Posts tagged ‘inductive statistical’

June 9th, 2013

The Philosophy of Science Directory

by Max Andrews

This is a compilation of posts, which focus on the philosophy of science. These posts will cover a broad spectrum within the philosophy of science ranging from multiverse scenarios, scientific theory, epistemology, and metaphysics.

  1. MA Philosophy Thesis: “The Fine-Tuning of Nomic Behavior in Multiverse Scenarios”
  2. Natural Law and Scientific Explanation
  3. Science and Efficient Causation
  4. Which Comes First, Philosophy or Science?
  5. The Postulates of Special Relativity
  6. There’s No Such Thing as Creation Science–There’s Just Science
  7. Time Travel and Bilking Arguments
  8. “It’s Just a Theory”–What’s a Scientific Theory?
  9. Exceptions to a Finite Universe
  10. Teleology in Science
  11. Duhemian Science
  12. The Relationship Between Philosophy and Science
  13. The History of the Multiverse and the Philosophy of Science
  14. Where’s the Line of Demarcation Between Science and Pseudoscience?
  15. Miracles and the Modern Worldview
  16. Mass-Density Link Simpliciter
  17. Scientific Nihilism
  18. Q&A 10: The Problem of Defining Science
  19. Q&A 6: Scientism and Inference to the Best Explanation
  20. The Quantum Universe and the Universal Wave Function
  21. The History and Macro-Ontology of the Many Worlds Interpretation of Quantum Physics
    read more »

May 27th, 2013

Q&A 24: Induction, Deduction, and Falsifiability

by Max Andrews


Hello Max,

I did have a few questions in regards to the nature of scientific explanation and furthering (or ‘advancing’, if you prefer) scientific knowledge. Hume had recognized that the problem of induction can not be justified by an inductive rule (that would be circular) or a deductive rule (or else the principle wouldn’t be inductive – we cannot deduce the truth of induction from the axioms of logic). This of course being Hume’s fork.

However, does Karl Popper’s interpretation of scientific methods being deductive (or falsifiable) solve this problem more so than science on the inductive interpretation? In short, Im just curious if we are reasonable in rejecting Hume’s skepticism, but sound in still adhering to science hinging off of induction.


Hi Steven!

I did a lot of work on this question in my MA thesis. My full answer is a bit long but I hope it’s easy to follow. For the Reader’s Digest version, I’d say that I’m not a fan of deductive arguments and I prefer inductive arguments. (Actually, I love abductive arguments much more but that’s another issue!) I’m very sympathetic to Popper’s criterion of falsifiability but it’s not a necessary condition for science–it’s just preferable. I’ll try to contextualize and elaborate on some of the hidden talking points in your question so some of the readers can follow along.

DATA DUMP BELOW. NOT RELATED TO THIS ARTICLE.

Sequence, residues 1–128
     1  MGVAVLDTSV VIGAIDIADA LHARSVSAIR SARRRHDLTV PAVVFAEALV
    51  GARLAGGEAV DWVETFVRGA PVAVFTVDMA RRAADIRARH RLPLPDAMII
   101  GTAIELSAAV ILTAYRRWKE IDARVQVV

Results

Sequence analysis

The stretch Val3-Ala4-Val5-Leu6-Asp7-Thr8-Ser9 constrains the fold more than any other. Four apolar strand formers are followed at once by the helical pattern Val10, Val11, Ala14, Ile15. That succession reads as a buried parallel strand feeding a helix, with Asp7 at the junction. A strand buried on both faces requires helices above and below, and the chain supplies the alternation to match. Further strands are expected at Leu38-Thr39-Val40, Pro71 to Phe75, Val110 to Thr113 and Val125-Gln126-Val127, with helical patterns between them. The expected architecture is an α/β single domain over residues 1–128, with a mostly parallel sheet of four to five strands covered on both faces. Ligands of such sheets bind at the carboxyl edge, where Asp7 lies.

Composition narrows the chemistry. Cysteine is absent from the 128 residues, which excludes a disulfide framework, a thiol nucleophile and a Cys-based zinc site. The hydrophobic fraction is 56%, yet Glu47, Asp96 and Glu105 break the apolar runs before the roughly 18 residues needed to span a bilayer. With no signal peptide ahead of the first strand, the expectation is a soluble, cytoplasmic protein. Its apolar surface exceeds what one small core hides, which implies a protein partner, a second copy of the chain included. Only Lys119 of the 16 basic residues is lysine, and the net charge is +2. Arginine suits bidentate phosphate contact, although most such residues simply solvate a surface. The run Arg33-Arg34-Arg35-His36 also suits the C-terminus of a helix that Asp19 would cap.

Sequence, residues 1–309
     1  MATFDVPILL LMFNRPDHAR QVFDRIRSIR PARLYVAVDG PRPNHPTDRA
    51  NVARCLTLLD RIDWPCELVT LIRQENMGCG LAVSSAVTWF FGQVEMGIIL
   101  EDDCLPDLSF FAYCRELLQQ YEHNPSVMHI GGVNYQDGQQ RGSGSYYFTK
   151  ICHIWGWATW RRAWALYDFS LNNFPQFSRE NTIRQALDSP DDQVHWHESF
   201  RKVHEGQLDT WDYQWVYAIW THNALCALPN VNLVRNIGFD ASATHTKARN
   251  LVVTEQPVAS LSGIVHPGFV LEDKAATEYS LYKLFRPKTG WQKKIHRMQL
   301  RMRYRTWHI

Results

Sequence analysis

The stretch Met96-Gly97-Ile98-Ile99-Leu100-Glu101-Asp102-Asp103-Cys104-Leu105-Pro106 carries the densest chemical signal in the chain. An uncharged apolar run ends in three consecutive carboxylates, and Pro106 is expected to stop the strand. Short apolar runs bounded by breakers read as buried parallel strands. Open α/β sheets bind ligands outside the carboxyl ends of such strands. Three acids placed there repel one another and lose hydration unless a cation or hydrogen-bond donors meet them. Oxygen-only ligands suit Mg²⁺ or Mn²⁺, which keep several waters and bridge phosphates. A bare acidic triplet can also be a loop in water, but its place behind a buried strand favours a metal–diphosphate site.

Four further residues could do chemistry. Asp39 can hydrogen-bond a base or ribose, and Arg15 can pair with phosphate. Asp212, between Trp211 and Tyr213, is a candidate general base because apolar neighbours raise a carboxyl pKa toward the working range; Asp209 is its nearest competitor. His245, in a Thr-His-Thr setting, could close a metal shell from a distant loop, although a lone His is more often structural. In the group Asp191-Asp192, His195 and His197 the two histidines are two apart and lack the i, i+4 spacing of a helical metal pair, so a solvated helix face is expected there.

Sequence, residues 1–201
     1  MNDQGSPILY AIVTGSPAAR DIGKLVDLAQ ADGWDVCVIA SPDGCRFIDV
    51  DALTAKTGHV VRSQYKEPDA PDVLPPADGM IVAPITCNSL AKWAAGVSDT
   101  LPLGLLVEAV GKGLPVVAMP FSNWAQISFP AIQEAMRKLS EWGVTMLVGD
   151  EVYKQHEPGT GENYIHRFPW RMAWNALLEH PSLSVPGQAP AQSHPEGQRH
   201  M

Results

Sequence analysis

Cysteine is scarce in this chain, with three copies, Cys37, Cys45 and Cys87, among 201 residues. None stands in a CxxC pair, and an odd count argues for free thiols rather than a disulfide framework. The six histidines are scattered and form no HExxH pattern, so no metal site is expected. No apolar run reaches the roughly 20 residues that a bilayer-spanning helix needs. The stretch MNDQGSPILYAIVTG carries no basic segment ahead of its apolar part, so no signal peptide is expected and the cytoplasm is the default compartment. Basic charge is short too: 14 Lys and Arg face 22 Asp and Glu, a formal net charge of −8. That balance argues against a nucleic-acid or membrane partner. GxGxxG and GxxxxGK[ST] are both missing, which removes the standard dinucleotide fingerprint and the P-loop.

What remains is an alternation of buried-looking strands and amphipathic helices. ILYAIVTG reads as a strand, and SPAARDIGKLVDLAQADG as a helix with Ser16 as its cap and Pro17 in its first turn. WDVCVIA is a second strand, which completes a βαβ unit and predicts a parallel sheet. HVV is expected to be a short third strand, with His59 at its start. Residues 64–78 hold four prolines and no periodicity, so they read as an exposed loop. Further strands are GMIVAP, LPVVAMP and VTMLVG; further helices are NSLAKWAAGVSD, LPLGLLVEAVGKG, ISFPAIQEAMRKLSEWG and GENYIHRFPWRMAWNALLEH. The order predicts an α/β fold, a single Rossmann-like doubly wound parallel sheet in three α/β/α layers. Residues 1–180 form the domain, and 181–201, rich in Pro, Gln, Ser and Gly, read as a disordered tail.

September 9th, 2012

The Inductive-Statistical Model of Scientific Explanation Preferred over the Deductive-Nomological Model

by Max Andrews

The Deductive-Nomological model, strictly speaking, certainly seems ideal but is untenable.  This is ideal for empiricists arguing from fixed premises but this view hardly seems amenable to novel discoveries and even predictions.  D-N does have a robust explanatory scope and power of causal laws such as the law of conservation. This model doesn’t have any explanatory power for other laws (i.e. the Pauli Exclusion Principle, which prohibits atomic electrons from collapsing in on the nucleus and being propelled away from the nucleus).  The D-N model, if it were to implement the Pauli Exclusion Principle, would have a self-defeating condition in the explanandum or explanans (depending on how the principle is being used). So, the model itself seems inert to the effect that it could never be verified or falsified by its own merit and criteria.  It stands in a privileged explanatory position.

Additionally, the D-N seems incompatible with many models of our universe.  This model assumes that the universe is deterministic.  Its view of causality is more than the Humean notion of effects rooted in habits of association, and rightly so, but it assumes that causality is applicable in every instance of a law.  There are several problems with this in the quantum world.  Quantum calculations are solely based on probabilities.  The vast majority of quantum interpretations are indeterministic (i.e. the traditional Copenhagen, GRW, Popper, transactional, etc.).  Additionally, there are other interpretations that suggest that the quantum world is deterministic (i.e. de Broglie-Bohm and Many Worlds).[1] What this goes to say is that the world may not be completely deterministic but it’s certainly not chaotic either.[2]  This is where I get caught between the efficacy of the I-S model and the D-N-P model.  The D-N-P model makes sense of deterministic and probabilistic explanandums.